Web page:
If you have a low start-up budget, consider having an existing template or design modified by a pro. For example, you can hire a WordPress designer to modify a template to fit your needs and website purpose.

#3 Who is your audience?

Your audience plays a very important role in the design of your website. Not only do you want to make sure your site is easy to navigate, you also want to make sure it appeals to your audience. If they’re cutting edge, then you’ll want a modern look and feel. If your audience is older, then you may want a more mature design.

Does your website niche fit better with video content or print content? How are you going to connect with your prospects, visitors and customers? Your site’s design needs to support your audience and their needs and desires.

#4 Efficiency and logic

While the appearance of a website is important, so too is the user’s experience. Ideally a site will feel intuitive. Everything will be easy to find and apparent. Your visitors won’t have to dig for information and if they are digging it’s because you want them to. This means:

* Logical content categories
* Relevant and easy-to-access pages (for example your about, affiliate, press and FAQ pages)
* Streamlined processes (for example shopping cart, opt-in and download processes)

Before you design your site or have someone design it for you, plan it on paper. Know exactly what your site’s purpose is and create a plan to make it happen. Research other sites in your industry. Research keywords so you know how your prospects search.

Also take a look at the various technologies that can support your site and its purpose. Some website design services offer seamless integration. Keep your visitors’ experience at the heart of every decision and you won’t go wrong.

Why Content Is Crucial for Your Website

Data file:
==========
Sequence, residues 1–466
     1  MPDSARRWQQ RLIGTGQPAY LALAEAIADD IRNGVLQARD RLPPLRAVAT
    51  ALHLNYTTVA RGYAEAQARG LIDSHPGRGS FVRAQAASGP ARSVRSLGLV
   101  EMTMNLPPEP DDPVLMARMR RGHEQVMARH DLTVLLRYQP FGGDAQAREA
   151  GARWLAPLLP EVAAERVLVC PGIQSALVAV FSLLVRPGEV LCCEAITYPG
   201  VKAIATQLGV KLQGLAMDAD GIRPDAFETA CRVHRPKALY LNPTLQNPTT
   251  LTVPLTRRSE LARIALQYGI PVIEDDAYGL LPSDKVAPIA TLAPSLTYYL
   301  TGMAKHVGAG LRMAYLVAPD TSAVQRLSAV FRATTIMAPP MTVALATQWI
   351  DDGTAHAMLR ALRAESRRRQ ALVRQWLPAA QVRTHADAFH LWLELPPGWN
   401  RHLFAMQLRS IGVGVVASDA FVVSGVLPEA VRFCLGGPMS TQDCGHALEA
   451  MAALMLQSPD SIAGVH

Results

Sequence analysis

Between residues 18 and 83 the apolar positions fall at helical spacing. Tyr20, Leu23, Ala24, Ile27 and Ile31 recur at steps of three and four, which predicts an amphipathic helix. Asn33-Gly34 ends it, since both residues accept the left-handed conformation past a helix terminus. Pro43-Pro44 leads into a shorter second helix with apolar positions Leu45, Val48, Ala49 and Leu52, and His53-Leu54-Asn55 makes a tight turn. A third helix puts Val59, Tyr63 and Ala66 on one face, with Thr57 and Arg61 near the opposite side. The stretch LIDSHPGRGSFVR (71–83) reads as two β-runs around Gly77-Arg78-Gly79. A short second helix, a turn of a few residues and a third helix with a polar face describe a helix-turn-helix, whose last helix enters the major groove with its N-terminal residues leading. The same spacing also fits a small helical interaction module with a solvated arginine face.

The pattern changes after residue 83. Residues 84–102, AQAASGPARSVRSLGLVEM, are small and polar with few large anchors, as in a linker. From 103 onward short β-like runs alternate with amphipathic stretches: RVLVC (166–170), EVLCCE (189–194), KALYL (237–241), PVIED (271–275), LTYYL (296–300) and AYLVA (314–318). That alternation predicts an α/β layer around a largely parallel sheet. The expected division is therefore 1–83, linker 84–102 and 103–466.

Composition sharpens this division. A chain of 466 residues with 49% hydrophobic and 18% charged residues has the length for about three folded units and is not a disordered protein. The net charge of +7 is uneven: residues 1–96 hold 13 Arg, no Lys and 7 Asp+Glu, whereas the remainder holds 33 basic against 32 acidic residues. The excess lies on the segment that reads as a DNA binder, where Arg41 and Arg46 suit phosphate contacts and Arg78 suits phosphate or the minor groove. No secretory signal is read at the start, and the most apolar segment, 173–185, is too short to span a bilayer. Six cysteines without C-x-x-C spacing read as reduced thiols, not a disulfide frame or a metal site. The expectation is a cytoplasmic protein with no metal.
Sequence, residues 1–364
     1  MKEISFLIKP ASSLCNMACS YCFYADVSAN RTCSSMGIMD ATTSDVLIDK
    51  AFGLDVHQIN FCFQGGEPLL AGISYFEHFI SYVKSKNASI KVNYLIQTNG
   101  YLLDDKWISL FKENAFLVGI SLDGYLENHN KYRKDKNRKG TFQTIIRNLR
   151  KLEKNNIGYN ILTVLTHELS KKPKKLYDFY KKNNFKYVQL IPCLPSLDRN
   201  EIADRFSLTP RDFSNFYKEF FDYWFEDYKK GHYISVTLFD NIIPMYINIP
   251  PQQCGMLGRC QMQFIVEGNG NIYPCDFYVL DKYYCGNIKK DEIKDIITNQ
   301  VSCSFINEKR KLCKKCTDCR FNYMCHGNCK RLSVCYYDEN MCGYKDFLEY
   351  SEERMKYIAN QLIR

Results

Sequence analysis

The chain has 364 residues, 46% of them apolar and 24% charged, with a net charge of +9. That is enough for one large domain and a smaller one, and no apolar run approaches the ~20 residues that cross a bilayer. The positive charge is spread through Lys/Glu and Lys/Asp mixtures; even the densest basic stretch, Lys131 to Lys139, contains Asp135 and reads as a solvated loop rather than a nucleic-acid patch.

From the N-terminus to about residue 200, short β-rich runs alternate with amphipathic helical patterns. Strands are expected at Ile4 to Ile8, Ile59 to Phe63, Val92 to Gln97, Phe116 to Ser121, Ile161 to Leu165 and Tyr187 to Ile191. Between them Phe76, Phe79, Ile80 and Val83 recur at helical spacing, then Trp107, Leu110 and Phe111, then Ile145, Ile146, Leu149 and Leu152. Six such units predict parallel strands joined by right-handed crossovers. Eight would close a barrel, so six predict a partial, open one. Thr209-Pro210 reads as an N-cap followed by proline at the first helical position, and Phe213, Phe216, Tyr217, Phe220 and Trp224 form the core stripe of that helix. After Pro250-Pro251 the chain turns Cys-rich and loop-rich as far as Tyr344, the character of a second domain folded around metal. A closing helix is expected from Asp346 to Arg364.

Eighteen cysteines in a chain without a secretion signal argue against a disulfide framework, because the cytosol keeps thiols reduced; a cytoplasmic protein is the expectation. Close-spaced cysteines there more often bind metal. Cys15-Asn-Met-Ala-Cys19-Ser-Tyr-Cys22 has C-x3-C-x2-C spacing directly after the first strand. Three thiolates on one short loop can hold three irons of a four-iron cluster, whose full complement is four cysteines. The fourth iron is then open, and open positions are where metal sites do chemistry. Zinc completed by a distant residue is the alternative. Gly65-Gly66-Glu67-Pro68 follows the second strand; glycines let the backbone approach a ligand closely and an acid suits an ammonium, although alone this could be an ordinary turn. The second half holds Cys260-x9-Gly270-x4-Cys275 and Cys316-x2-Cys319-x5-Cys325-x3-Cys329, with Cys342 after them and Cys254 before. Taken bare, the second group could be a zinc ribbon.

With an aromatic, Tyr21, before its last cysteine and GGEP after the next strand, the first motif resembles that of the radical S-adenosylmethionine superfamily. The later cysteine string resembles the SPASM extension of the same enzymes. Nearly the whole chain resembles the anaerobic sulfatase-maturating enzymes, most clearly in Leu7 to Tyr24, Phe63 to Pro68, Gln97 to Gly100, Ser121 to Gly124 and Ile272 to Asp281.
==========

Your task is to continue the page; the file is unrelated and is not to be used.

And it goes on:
There’s one sure-fire way to success online. Make sure you have an abundance of content on your website. Without content there’s really no reason for anyone to visit your site. Here’s why content is crucial for your site.

Value

Your content is the single biggest value you offer prospects and visitors. Each time a new visitor comes to your site, they’re looking for one thing. They’re looking for information. Content is information.

Now, you don’t have to provide content in the form of articles or reports. You can provide audio content, video content or even snippets of content like tips and quotes. There’s a huge variety to the type of content your website can offer. Consider offering the type of content that your audience best responds to. Make sure it fits your business goals and provides value to your visitors and prospects.

Traffic

Content is what search engines look for when they’re indexing your site. It’s how they know what your site is about. It’s also how many of your website visitors find you. They type into their search engine the keywords or the words that describe the information they’re searching for. The search engine provides them with a list of website results. They click on one or many of these results and they end up on your website. None of this would happen without content.

Sales and Profits

Regardless of your business model, content helps you make money. Content helps you establish credibility and authority with your visitors. This gives them confidence to buy from you. Content also helps you establish your brand. It helps prospects like you. Again, this is a buying trigger. People buy from people they like.

Content also helps persuade. When you present information that offers value, your visitors can make an informed decision. They can solve their problems based on the guidance and solutions you provide.

How Much Content Is Enough?

Honestly, as long as your content provides value and supports your goals and your visitors, you can never have too much. Create a plan to add content to your website on a regular basis. Stay in touch with trends, hot topics, your customers’ needs and problems.